March 2014

PS March 2014 Cover

Features

Simon Leney

Times are changing

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Private Client Section chair Simon Leney looks at the changes in the air this Spring on a number of fronts: for clients, for solicitors, and for the Private Client Section itself

No more secrets

No more secrets

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Patricia Wass looks at the impact of new guidance aimed at increasing transparency in the Court of Protection

Fenella Morris QC

Giving pause

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Simon Edwards and Fenella Morris examine some recent cases around gifts made from the estate of a person without mental capacity, and consider the thorny question of gifts where ‘P’ has and had no comprehension of giving

Stuck in the middle

Stuck in the middle

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Christine Green and Fiona Lawrence provide a first-hand account of how challenging the role of independent administrator can be, describing a recent case in which Christine was the court-appointed administrator led to make an application for directions due to one beneficiary’s conduct

Daniel Sheridan

Securing the future

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For clients who have disabled children, one of their main priorities will be supporting their children financially after their death. Daniel Sheridan outlines the options, including wills and trusts, and their implications for tax and benefits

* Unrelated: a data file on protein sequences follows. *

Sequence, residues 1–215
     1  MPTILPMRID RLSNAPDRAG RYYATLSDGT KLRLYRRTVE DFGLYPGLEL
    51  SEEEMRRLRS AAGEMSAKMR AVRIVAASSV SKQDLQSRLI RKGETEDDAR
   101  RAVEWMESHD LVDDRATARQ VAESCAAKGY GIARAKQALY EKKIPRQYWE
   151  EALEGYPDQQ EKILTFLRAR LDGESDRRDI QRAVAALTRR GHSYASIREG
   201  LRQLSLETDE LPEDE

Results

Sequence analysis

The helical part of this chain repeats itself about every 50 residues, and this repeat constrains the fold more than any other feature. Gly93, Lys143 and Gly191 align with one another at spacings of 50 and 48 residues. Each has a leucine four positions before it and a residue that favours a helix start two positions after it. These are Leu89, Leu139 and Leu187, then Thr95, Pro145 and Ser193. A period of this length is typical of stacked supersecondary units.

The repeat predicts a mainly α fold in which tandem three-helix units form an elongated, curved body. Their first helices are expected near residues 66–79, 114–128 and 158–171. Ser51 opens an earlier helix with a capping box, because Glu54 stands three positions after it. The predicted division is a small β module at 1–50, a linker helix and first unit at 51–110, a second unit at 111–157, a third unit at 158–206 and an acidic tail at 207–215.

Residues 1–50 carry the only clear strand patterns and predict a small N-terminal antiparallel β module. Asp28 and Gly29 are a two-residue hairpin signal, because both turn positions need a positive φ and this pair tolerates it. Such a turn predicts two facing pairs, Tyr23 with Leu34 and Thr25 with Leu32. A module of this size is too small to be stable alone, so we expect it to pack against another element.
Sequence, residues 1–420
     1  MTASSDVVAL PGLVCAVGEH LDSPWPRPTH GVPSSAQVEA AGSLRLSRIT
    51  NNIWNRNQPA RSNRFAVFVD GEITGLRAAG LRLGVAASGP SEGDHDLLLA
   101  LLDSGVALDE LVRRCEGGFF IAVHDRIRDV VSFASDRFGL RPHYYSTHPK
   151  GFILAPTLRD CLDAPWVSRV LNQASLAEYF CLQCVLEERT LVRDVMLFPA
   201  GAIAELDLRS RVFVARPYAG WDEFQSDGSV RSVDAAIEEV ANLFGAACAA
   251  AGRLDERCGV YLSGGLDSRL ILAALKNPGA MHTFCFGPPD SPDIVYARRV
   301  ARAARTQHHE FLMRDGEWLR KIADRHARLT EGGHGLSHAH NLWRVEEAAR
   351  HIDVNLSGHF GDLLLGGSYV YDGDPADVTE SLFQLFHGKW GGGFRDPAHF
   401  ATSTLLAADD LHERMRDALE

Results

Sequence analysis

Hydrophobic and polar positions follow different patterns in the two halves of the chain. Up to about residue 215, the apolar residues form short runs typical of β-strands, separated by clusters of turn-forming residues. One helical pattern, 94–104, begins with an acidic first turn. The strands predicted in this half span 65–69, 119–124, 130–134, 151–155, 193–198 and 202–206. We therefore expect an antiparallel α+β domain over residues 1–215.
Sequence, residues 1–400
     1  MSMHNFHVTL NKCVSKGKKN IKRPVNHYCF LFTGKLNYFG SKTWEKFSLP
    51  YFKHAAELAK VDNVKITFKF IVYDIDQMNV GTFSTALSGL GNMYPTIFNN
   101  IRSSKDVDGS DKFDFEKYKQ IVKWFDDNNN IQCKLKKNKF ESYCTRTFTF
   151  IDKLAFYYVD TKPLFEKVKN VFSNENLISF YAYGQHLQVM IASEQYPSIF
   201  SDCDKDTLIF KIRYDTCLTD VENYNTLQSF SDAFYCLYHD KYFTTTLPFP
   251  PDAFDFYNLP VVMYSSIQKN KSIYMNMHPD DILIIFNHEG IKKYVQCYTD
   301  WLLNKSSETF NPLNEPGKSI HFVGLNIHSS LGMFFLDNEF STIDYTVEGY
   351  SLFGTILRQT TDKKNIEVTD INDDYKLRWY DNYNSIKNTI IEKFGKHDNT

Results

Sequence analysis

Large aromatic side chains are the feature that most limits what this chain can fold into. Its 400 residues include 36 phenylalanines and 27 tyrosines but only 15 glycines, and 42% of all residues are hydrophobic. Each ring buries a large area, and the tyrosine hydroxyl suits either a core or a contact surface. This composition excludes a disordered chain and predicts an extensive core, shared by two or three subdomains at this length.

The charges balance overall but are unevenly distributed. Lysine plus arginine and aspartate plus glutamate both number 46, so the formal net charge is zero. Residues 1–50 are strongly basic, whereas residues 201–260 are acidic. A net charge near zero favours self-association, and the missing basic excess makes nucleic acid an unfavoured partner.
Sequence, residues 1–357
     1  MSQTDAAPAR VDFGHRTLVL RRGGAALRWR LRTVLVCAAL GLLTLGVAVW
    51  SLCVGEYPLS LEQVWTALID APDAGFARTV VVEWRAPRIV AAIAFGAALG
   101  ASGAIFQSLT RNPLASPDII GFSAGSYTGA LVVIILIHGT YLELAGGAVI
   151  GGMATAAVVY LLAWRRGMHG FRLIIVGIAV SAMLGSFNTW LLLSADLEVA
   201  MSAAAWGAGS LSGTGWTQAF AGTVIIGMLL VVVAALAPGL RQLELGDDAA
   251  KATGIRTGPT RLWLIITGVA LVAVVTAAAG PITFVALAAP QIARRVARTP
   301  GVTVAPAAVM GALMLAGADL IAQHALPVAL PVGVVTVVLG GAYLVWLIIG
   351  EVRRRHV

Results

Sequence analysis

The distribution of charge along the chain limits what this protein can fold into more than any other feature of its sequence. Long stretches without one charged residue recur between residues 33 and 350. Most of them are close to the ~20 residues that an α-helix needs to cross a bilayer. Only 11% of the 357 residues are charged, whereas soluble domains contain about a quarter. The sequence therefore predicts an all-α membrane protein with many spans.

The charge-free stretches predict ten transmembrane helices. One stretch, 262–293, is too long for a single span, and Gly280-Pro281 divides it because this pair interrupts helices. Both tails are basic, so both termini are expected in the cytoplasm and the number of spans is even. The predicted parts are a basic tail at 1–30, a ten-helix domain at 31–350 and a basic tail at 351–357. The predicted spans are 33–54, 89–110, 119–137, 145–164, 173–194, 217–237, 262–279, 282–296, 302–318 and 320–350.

Nichola Phillipson

Time is of the essence

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In the recent case of Berger v Berger, the Court of Appeal examined afresh the issue of family provision claims brought out of time, in a judgment that also contains lessons for those advising elderly clients with life interests under a will. Nichola Phillipson reports

Nicola Sims

Working together

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Nichola Sims explains the extensive information that charities need from solicitors when a legacy is bequested to them, and provides a template letter drawn up by the Institute of Legacy Managememt to show solicitors what to expect from a charity’s first contact

Rohan Armes

Wealth of advice

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Rohan Armes explores the role of an investment manager in giving life to a financial settlement after a divorce, and explains the factors that must be considered when investing a lump sum settlement

Philip Munro

King Kong

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The reform of the Hong Kong trustee ordinance, which came into force in December 2013, is likely to make Hong Kong more attractive as a jurisdiction of choice for trusts, especially for high-value estates. Philip Munro and Karen Lai explain

Julie Butler

Trading places

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A number of recent cases point to a worrying new trend by HM Revenue & Customs, whereby it assesses farms as investment rather than trading businesses – which do not therefore qualify for business property relief. Julie Butler explains what action farmers need to take

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